Jeff York knows the stabbing pain of a hernia better than he’d like to. The 52-year-old Brookville, Indiana, resident had his first dose of it in 2015, which led to hernia repair surgery.
When he felt the same piercing pang two years later, he knew another surgery was just a matter of time.
“I was at work, and all I did was take a step,” recalls Jeff. “The pain was sudden, and it burned and stabbed just like it had before.”
A hernia occurs when an organ or another body part pushes through a tear or weak spot in the surrounding tissue. Hernias are most common in the groin, the belly button and at previous surgery scars. Hernia repair surgery sets the organ back in place and fixes the tear.
But Jeff was in no hurry to go through what he had with his previous hernia repair, even though he knew there was a risk of serious complications if he put it off. Blood supply can get cut off from part of the intestine, which requires emergency surgery.
“My first repair was a three-hour surgery,” says Jeff. “It was open surgery, which meant I had a four-inch incision in my abdomen. I went home the same day, but I couldn’t move for four days, and I had to have help getting out of bed. I was in more pain after the surgery.”
For Cincinnati resident Burnett Wells, it was losing weight, not pain, that uncovered his first clue that he had developed a hernia. A change in diet and exercise routine was delivering the results the 63-year-old martial arts instructor and Homeland Security investigator was after—trimming down his 235-pound frame.
“I’m older, but I’m athletic,” says Wells. “I had more muscle mass and wanted to slim down to keep the spring in my feet.”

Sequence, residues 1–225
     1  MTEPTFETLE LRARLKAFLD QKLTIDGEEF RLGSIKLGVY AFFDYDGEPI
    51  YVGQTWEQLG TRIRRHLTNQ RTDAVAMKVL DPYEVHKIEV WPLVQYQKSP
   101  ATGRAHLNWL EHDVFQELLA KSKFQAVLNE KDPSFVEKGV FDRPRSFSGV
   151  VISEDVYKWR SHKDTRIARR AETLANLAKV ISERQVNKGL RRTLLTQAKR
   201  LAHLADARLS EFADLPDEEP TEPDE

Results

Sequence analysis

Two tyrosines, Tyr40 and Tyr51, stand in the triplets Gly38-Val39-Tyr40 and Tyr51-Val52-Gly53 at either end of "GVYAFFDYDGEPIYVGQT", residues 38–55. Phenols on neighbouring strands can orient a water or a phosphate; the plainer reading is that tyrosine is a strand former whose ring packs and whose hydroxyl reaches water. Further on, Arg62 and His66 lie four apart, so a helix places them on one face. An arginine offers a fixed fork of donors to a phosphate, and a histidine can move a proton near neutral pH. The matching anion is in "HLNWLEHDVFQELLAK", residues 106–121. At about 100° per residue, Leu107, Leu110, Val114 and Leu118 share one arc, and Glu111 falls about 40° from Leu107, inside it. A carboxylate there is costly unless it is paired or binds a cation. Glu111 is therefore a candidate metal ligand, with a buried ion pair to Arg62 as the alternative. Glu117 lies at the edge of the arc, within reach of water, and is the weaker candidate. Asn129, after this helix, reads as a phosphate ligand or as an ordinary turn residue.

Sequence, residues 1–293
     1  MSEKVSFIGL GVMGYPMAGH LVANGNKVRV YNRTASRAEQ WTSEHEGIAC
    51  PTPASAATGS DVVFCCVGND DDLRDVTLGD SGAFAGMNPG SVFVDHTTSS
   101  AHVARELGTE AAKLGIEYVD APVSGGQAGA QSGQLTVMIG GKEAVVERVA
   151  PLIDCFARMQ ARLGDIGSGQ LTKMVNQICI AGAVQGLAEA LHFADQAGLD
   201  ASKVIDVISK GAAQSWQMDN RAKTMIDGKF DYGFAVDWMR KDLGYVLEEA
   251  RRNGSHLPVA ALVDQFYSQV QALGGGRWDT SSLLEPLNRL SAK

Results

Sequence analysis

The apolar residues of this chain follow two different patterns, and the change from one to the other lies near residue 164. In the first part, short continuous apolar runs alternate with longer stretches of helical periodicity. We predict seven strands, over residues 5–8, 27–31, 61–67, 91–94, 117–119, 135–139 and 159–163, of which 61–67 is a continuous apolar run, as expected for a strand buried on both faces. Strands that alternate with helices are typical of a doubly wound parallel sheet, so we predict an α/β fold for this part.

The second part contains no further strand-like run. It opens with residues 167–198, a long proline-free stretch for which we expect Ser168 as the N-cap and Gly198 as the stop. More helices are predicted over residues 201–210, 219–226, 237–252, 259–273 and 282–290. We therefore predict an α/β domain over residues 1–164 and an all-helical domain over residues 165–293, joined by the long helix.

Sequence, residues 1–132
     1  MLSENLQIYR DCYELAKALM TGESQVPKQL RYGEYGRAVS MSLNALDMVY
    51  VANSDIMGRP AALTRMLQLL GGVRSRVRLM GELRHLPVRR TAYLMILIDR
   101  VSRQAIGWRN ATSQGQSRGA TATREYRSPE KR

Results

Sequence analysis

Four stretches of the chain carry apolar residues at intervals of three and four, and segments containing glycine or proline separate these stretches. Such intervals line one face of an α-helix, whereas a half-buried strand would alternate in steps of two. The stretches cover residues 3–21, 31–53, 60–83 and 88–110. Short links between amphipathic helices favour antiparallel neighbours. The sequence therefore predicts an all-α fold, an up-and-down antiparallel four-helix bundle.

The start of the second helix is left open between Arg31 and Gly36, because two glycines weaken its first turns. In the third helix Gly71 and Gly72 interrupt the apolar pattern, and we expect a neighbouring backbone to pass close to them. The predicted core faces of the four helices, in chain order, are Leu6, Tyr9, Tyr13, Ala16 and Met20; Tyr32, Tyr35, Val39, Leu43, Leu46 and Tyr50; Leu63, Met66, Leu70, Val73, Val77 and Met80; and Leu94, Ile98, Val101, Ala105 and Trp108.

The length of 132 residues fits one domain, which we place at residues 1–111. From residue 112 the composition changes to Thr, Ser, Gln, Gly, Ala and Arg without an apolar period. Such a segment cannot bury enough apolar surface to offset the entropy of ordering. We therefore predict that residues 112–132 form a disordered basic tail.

As he lost weight, Wells said he could feel a mass of intestines pushing up in his chest. Over time, pain did develop and increase.
“I thought it was from doing sit-ups,” he says.
New Robotic Technology Offers Another Option
It was pain that finally convinced both men in the spring of 2017 to see Jonathan Schilling, MD, a Christ Hospital Health Network surgeon with expertise in robotic-assisted hernia repair.
“I was taking medication, but the pain was still bad; I couldn’t function,” says Jeff. “My co-worker’s dad said Dr. Schilling was the best surgeon in the region.”
Dr. Schilling has expertise and experience using the da Vinci Surgical System. It’s an advanced approach that allows him to perform hernia repair surgery through tiny incisions rather than the large incisions used in traditional open surgery.
Both men said Dr. Schilling took time to explain the minimally invasive surgery in depth. They learned that Dr. Schilling would work from a console, controlling tiny instruments and a 3-D camera placed in the body through dime-sized incisions. The system gives Dr. Schilling better access and a high-definition view, along with a greater range of motion and surgical precision.
Although recovery from surgery always varies, Dr. Schilling explained that most people have less pain, shorter hospital stays and get back to their normal activities more quickly. It was enough to convince both men to move forward with the surgery.
Jeff says his second hernia repair was like night and day from his first.
“The surgery was a little over an hour,” he recalls. I went home the same day, but this time I only had some soreness, like a bruise. I knew something had been done, but there was nothing compared to the pain from the first one.”
He only needed pain medication for three days after, in the morning and before bed, and was back at work in two weeks.
Burnett didn’t have an experience to compare his surgery to. He says though, that everything worked out the way he prayed it would, even though it involved two days in the hospital and a rough first few days.
“I felt the pain the first week,” says Burnett. “Everything the doctor told me would occur did. But I followed the list of things he told me to do – take medication on time, get moving and get my system going. After 10 days I was doing light exercise. I ended up two to three weeks ahead of schedule with my recovery.”
Thanks to Dr. Schilling and the robotic-assisted approach, Burnett is back to light weight lifting and tai chi stretching, focused on whittling off the last 10 pounds he wants to lose.
“I have no regrets,” says Burnett. “Dr. Schilling won my heart and then some.”
Jeff, who’s back to chasing grandkids and getting plenty of exercise at work, seconds Burnett’s praise.
“Dr. Schilling works miracles. If you need hernia repair, don’t hesitate; you’ll be happy you did it.”
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